Hidden Figures (2016)
20th Century Fox
Directed by: Theodore Melfi
Produced by: Donna Gigliotti, Peter Chernin, Jenno Topping, Pharrell Williams, Theodore Melfi
Screenplay by: Allison Schroeder, Theodore Melfi
Based on: Hidden Figures by Margot Lee Shetterly
Starring: Taraji P. Henson, Octavia Spencer, Janelle Monáe, Kevin Costner, Kirsten Dunst, Jim Parsons
I think we can start off with the wonderful performances starting with Taraji P. Henson. She perfectly captures the incredible juggling act that African American single mothers have to endure to this very day. Most times, she doesn’t even have to speak for you to feel the tension she experiences between raising her children, going to work, and dealing with the common everyday racism during the 1960s. Octavia Spencer is her usual phenomenal self. Probably the biggest surprise is Janelle Monáe. She is humorous and holds her own as if she has been acting for years.
What I really appreciate about this film is that it treats the moments of racism with a nice sense of a balance. It isn’t overt, in-your-face racism, but it isn’t watered down either. The film constantly reminds us of the social tensions during this pre-civil rights era, without allowing the themes to be a crutch to evoke emotional responses. It also communicates the message that minorities’ many contributions to American history have often gone overlooked.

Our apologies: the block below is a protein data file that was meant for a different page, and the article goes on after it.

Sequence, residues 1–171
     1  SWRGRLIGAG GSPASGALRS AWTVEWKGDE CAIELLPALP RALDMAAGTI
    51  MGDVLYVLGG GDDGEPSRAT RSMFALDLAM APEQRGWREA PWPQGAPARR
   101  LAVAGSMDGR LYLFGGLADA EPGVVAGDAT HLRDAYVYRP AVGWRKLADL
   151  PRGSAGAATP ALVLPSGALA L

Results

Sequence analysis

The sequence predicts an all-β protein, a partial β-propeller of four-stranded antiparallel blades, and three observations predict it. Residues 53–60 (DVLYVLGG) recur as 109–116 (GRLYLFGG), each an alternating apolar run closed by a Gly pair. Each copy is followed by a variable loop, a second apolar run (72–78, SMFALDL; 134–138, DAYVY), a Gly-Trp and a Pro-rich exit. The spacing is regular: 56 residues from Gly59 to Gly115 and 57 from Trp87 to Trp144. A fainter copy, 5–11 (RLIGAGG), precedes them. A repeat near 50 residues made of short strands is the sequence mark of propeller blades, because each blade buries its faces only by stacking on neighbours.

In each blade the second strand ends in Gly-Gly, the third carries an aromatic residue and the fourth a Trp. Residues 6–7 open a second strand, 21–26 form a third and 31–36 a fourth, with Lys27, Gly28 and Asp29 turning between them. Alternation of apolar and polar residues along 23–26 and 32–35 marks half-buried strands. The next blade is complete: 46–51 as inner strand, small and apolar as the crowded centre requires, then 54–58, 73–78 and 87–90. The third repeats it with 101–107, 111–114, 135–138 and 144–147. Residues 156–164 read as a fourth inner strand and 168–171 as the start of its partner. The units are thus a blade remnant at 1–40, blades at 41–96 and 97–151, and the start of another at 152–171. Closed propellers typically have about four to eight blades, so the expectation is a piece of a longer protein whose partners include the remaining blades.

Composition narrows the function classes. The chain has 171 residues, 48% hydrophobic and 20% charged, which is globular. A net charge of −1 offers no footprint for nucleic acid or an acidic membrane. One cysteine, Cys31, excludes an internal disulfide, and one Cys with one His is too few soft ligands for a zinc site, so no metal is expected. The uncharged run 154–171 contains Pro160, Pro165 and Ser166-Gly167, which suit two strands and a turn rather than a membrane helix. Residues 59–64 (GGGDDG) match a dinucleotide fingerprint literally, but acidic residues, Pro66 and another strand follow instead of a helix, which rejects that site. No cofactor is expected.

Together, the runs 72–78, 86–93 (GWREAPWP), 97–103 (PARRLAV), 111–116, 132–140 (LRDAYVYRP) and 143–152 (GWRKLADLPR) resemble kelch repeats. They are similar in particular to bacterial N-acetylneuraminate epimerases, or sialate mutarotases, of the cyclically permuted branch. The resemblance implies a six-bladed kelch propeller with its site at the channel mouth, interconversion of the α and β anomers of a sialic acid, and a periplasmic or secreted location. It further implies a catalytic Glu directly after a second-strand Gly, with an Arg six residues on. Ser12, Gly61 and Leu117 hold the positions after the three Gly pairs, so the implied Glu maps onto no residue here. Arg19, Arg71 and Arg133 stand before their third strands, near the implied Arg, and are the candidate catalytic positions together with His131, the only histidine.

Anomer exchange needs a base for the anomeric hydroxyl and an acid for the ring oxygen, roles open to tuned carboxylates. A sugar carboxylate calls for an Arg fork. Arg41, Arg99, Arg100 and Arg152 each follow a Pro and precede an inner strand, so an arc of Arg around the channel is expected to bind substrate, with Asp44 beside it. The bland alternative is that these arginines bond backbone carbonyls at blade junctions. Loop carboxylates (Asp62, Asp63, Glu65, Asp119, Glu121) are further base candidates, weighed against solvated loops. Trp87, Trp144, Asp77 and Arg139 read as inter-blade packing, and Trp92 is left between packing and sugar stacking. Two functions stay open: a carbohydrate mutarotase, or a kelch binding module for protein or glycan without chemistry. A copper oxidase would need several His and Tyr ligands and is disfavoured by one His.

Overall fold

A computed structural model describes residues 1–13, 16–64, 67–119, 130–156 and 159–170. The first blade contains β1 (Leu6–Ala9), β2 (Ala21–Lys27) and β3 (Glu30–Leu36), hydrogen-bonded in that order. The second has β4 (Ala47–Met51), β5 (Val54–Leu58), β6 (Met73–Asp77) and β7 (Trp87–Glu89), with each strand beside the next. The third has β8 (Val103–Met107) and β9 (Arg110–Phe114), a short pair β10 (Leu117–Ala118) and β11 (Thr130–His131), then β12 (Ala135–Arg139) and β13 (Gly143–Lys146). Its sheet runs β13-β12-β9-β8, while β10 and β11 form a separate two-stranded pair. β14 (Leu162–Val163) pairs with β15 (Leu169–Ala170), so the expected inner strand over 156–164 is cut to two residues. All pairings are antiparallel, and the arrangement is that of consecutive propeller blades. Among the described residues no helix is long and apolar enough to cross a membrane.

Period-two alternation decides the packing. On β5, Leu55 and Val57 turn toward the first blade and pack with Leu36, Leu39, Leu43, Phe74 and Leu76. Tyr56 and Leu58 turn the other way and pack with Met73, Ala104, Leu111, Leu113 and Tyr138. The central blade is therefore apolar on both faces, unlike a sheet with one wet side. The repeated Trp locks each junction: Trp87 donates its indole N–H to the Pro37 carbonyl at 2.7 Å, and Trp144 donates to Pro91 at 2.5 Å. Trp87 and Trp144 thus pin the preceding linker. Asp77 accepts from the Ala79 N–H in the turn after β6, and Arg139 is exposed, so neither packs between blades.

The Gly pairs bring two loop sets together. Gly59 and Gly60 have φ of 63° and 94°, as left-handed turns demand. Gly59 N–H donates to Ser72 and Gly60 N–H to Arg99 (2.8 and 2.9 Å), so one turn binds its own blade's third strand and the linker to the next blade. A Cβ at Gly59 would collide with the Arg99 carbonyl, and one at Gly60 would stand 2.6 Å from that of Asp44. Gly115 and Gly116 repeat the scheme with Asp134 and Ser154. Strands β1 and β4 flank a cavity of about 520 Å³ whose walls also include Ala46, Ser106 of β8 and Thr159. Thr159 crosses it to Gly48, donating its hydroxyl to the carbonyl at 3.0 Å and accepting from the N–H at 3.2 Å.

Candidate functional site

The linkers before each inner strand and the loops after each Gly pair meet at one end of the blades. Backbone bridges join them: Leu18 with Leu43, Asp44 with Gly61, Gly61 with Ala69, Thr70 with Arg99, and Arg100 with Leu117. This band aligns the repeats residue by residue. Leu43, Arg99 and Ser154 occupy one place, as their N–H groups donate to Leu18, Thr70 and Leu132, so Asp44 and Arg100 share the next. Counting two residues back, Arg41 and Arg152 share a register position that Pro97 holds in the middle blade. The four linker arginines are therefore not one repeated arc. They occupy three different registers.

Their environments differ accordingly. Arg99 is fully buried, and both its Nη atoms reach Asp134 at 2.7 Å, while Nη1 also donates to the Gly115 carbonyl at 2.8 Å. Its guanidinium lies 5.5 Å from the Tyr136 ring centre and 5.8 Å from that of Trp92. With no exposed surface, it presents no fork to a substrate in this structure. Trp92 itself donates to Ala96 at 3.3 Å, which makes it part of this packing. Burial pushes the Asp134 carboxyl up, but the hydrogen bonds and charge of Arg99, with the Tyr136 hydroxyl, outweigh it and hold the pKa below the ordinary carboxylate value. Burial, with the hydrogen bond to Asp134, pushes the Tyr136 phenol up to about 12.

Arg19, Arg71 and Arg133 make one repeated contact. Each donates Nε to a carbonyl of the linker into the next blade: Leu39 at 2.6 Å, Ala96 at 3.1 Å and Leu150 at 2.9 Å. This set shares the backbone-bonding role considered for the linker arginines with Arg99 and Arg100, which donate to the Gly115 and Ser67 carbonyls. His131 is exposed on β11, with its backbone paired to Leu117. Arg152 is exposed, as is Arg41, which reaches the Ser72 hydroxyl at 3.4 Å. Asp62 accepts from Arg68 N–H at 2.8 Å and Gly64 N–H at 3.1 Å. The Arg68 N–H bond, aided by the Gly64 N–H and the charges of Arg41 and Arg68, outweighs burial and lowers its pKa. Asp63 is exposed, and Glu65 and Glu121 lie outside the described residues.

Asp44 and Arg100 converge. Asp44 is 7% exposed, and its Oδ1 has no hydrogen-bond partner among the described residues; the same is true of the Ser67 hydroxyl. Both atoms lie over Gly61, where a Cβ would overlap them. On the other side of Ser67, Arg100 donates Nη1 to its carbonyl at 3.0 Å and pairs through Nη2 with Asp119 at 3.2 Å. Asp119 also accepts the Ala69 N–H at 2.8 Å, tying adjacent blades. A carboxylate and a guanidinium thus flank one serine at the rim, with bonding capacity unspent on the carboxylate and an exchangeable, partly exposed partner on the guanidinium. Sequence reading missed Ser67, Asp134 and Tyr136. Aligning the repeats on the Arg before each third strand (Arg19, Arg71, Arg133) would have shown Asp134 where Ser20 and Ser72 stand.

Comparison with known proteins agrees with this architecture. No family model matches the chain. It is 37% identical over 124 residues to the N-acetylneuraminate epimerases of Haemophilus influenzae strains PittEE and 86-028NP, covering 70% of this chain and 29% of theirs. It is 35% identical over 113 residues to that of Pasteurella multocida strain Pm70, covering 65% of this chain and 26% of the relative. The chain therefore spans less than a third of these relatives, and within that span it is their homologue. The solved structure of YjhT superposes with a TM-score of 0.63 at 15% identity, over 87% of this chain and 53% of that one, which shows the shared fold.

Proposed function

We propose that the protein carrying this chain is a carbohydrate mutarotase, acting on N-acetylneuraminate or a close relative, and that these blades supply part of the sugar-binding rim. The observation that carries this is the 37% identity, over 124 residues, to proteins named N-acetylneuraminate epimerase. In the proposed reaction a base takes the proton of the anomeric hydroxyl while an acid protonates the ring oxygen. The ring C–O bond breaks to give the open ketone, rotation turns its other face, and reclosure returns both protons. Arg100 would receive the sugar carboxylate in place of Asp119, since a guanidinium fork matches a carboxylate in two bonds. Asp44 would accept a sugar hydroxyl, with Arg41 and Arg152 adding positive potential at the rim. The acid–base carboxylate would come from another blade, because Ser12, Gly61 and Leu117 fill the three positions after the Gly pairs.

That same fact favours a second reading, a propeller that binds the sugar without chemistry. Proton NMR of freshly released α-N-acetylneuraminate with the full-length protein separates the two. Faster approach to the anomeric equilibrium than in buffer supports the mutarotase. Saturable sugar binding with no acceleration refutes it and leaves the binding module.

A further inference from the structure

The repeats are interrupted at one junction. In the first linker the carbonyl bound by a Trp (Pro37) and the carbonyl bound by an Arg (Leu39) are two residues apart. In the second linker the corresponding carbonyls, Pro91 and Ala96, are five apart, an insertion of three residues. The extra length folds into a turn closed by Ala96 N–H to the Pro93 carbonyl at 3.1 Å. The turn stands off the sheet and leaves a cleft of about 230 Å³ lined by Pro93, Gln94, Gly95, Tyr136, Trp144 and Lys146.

Moreover, Hidden Figures does a nice job of highlighting not only the racial barriers for minorities but also the gender barriers as well. Oftentimes, the film almost makes you feel the barrier that the characters feel—whether it is racial or gender based. One aspect that the film executes very well is the fact that minorities (especially the women) had to consistently go above and beyond to simply prove to society that they were worthy of anything at all.
The moment this film ended, the only thing that came to mind was that Hidden Figures has #BlackGirlMagic written all over it! This was an amazing film that I think many people, especially within the African American community, have been waiting for. Almost every year, if there’s a movie with a black leading cast it’s either a slave film, comedy, or some sort of sex drama. It is just so refreshing to have an uplifting and historically accurate film with a positive vibe to match. Not to mention, as a father of three daughters, I was so proud to have my little girls have ideal role models on the big screen to look up to. As you can tell, I really enjoyed Hidden Figures, and I think you will too. It’s more than worth the watch in theaters, and be sure to bring the family while you’re at it.